This blog entry discusses milk, and I thought about naming it "Twitter Does a Body Good." But the milk branding campaign is kind of played out, and besides, it's not every day that I encounter the opportunity to put the pound sign (#) in a blog headline.
This Thursday night my cat hadn't seen me in nearly four days, and whenever I'm gone for an extended time, she retreats to a very small world underneath my bed. Yesterday was no different, and sure enough, there she was. Upon hearing her name, she crawled up to me for a few pats, and I asked her, "Would you like some pound milk?"
Has Twitter wormed itself so far into my head that I'm now speaking in tweets—even to my cat? Yes, it has. But that's OK, and you ought to aspire to reach this level of oneness with Twitter, because tweeting is pretty much like thinking and then talking. (All of social media is, actually—but why should I write a book when I can just write a blog entry?) It's just that there's a big quirk: pound signs. And once you've learned to think in pound, tweeting should become second nature to you.
By code, I don't mean computer code. You don't need to know that to know Twitter. Seasoned Twitter users will understand that I'm talking about hashtags. For the uninitiated, a Twitter hashtag is the pound sign on your keyboard. Placing it immediately before any word in a tweet automatically notifies the entire Twitterverse that you're tweeting about something relevant to the hashtag.
Do you want your tweets to be found in the Twitterverse? Then use hashtags. They're highly searchable on Twitter, a social network that, in ways, emulates a vast search engine of what people are talking about.
The Nuts & Bolts of Hashtags
Not all hashtags are recognizable as one word. Often, the hashtag will be several words strung together as one. That's because Twitter automatically makes a link out of any unbroken string of characters immediately preceded by a pound sign. Place no space between the hashtag and the string of unbroken characters immediately following it. Then, once the tweet is tweeted, watch the entire entity become a hyperlink. Afterward, clicking on that hyperlink will show you every tweet that's been tweeted with that hashtag.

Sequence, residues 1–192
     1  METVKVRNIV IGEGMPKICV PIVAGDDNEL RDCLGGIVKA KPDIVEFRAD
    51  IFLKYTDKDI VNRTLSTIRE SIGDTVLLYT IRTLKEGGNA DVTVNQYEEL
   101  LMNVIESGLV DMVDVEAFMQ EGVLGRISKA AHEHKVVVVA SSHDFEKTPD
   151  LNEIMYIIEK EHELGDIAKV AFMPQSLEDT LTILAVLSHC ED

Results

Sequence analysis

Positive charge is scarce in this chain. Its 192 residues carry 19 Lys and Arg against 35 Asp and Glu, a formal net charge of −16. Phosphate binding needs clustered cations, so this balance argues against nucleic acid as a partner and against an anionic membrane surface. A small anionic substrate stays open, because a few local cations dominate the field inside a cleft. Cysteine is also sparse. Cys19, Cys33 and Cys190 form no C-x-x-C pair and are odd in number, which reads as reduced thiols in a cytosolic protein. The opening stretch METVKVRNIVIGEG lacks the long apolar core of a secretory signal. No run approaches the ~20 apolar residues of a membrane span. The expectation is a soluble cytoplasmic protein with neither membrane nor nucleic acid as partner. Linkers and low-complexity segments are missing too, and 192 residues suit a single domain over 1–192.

Still more hashtags aren't words at all, or at least not per se. For instance, I recently attended the 2011 HR Demo Show, all about human resources technologies. SharedXpertise Media, LLC, the parent organization, was definitely on its game, alerting its tech-savvy attendees to two hashtags associated with the event: #HRDemo and (for concurrent HRO Summits, thrown by SharedXpertise's HRO Today magazine) #HROToday
Hashtags & Hybrid Networking
Why did SharedXpertise announce these hashtags? Well, both provided a way for all tweeting attendees to participate in a parallel, often equally compelling conversation in the Twitterverse. Employment of hashtags helps Twitter exponentially foster networking and the sharing of information at a brick-and-mortar event.
Smart Branding & Piggybacking
Using a hashtag in this way is also an exercise in smart branding, and a physical gathering of likeminded individuals provides fertile ground to plant the beginnings of a new hashtag brand through the cultivation of spontaneous, endorsed partner channels:
At the same event, TalentManagementTech.com (TMT), an online property newly acquired by ShareXpertise, launched and heavily promoted its own hashtag, #TMTech, piggybacking SharedXpertise's other branded, show-related hashtags, as well as other attendees' own branded hashtags (e.g. "#TChat," short for "Talent Chat," the weekly Twitter conversation hosted by Talent Culture) and generic hashtags around which TMT's target audiences congregate and search within Twitter (e.g. #hrtech).
Developing Twitter Clout
Through prolific tweeting at HR Demo, TMT's objective, clearly, was to promote general awareness of itself as an online destination and to attract the attention of its marketplace's leading denizens and thought leaders. By attending several more large HR-related events and employing this hashtag at every turn, with every tweet, TMT will be embracing a solid tactic to expand its sphere of influence on Twitter and thus promote awareness of itself and develop clout—and maybe even "Klout" (see a future blog entry).
Back to My Cat...
To know I was about to pour some for her, did my cat need me to speak the pound sign immediately before milk the other night? No, and in this way, speaking to a cat is different than tweeting to people (or cats). But tweeting is still pretty much like thinking and talking—and, yeah, about being noticed. Once you understand this, watch out: You'll find yourself speaking "#," too.